It's time the IFA sang a new song as player eligibility rows rumble on

Rory and Ronan Hale, who are playing for English League clubs Aston Villa and Birmingham, have both declared for the Republic of Ireland Picture: Matt Bohill

I MET Brian Kerr at Donegal Celtic Football Club in August 2011. His Faroe Islands team were using the Suffolk Road facilities as preparation for their Euro 2012 Qualifier with Northern Ireland at Windsor Park.

Around that time, James McClean had declared for the Republic of Ireland after representing the north at underage level.

It was yet another eligibility row in a long list of familiar IFA-FAI spats.

Kerr, a former Republic of Ireland manager, actually sided with the northern association.

He said: "I know some of the northern players have an identity with the Republic because of the communities they're living in. I think over time that can change.

"But I don't think the Republic should be taking advantage of the Belfast Agreement to the extent they're using it in football as a way of recruiting players.

"I've always been someone who's fought for the small man and tried to see things in a fair-minded way," said the Drimnagh native.

"Even when I was manager of the Republic's teams, we weren't busy in that way in terms of selecting players from outside.

"We did, in fact, tell some players that they would be better off not playing for us because they were unlikely to get to the top level. So I think that was only fair.”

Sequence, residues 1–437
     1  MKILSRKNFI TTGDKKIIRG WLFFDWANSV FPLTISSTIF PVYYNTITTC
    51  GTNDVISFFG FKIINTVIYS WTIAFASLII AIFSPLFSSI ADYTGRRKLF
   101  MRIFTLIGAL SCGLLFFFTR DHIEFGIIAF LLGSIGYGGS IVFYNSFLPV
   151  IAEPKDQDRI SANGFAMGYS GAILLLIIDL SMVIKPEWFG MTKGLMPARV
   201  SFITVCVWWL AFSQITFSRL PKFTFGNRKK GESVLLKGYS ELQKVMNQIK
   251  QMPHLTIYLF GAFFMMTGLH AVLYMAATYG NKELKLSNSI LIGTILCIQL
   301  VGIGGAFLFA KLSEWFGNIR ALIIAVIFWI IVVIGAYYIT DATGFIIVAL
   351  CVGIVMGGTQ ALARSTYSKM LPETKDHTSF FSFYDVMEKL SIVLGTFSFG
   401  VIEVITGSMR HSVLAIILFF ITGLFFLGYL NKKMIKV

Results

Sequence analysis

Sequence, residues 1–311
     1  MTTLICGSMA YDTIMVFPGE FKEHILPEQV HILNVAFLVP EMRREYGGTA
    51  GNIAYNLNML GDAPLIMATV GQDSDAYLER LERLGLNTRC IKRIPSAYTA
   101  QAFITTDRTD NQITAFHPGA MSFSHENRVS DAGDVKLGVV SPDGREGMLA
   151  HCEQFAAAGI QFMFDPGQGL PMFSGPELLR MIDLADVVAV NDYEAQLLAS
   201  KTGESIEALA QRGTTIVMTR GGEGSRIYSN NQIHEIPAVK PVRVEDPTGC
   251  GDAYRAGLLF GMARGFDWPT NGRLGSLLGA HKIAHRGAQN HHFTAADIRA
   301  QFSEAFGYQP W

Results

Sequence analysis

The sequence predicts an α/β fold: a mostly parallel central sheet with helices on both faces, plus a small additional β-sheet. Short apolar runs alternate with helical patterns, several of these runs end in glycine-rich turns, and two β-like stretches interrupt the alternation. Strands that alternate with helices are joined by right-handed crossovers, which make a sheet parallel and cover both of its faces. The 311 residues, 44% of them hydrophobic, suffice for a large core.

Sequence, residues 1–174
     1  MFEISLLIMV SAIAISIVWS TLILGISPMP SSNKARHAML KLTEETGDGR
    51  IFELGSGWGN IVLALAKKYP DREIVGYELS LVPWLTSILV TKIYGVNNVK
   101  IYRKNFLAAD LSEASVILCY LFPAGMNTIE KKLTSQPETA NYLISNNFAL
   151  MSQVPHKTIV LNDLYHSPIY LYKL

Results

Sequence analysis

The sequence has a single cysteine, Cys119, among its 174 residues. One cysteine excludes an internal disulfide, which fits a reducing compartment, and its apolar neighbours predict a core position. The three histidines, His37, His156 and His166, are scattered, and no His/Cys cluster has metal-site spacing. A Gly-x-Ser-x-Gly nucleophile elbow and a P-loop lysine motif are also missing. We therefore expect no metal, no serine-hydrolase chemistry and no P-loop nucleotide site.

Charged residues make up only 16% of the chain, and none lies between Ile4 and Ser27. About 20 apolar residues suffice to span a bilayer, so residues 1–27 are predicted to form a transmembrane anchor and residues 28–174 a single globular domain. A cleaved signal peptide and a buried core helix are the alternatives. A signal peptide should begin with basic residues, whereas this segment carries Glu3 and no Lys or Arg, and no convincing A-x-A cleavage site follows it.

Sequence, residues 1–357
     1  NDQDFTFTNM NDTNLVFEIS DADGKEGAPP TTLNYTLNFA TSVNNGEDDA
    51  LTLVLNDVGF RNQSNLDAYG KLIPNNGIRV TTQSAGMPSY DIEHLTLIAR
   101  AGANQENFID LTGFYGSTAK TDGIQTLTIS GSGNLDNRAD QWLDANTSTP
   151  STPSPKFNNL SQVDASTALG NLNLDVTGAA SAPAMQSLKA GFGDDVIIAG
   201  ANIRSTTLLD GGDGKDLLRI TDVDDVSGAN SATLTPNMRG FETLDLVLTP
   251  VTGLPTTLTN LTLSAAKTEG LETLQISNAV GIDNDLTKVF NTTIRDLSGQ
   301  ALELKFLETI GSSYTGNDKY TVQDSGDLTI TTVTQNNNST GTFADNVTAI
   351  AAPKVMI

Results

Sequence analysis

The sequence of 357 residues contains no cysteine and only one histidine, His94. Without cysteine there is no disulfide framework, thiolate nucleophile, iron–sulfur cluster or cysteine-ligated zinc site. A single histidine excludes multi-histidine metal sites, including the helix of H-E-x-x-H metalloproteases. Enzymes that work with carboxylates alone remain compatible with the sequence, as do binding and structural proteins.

Kerr duly incurred the wrath of northern nationalism for sticking up for the IFA.

Every now and then a northern player declares for the south; somebody complains and the media dusts off old headlines.

Last week, it was Northern Ireland senior international manager Michael O’Neill who let rip.

He hit a raw nerve by calling the FAI “morally poor” after another couple of Derry natives – Jordan McAneff and Josh Daniels - opted to play for the Republic of Ireland.

Jordan’s elder brother Aaron did likewise last year with still two U21 European qualification games still to play.

You can understand O’Neill’s frustration at losing talented young players to the south after IFA coaches have invested in them.

But stamping your feet in frustration hasn’t got the IFA anywhere.

To use a football analogy, it’s like playing long ball tactics and being frustrated by the outcome.

Put simply, the IFA need better tactics.

They should be asking themselves why so many young Catholic players don’t want to play for the north.

Indeed, the IFA would be better served if they carried out in-depth surveys/interviews with all the so-called ‘defectors’ to find out where they, as an association, are going wrong.

Moreover, blaming the FAI for 'poaching' northern-born players is not a fair analysis of the situation.

Take Rory Hale as a case-study. Rory is close to making a first team breakthrough at Aston Villa and has represented Northern Ireland at underage level from U16.

In September 2015 he rejected any further call-ups to the north’s U21 squad because he wanted to play for the Republic.

On Wednesday, he earned his first call-up to the Republic’s U21s for their upcoming Euro qualifier against Kosovo.

Rory wasn’t ‘poached’ by the FAI. He contacted the FAI about switching his allegiance.